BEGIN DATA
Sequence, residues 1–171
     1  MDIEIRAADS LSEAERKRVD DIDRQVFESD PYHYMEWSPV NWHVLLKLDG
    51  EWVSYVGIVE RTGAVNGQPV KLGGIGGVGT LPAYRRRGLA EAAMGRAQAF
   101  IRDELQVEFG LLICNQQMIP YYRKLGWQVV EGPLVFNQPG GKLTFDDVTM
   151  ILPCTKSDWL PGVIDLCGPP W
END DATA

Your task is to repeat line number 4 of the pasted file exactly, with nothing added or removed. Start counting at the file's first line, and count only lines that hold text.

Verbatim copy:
   101  IRDELQVEFG LLICNQQMIP YYRKLGWQVV EGPLVFNQPG GKLTFDDVTM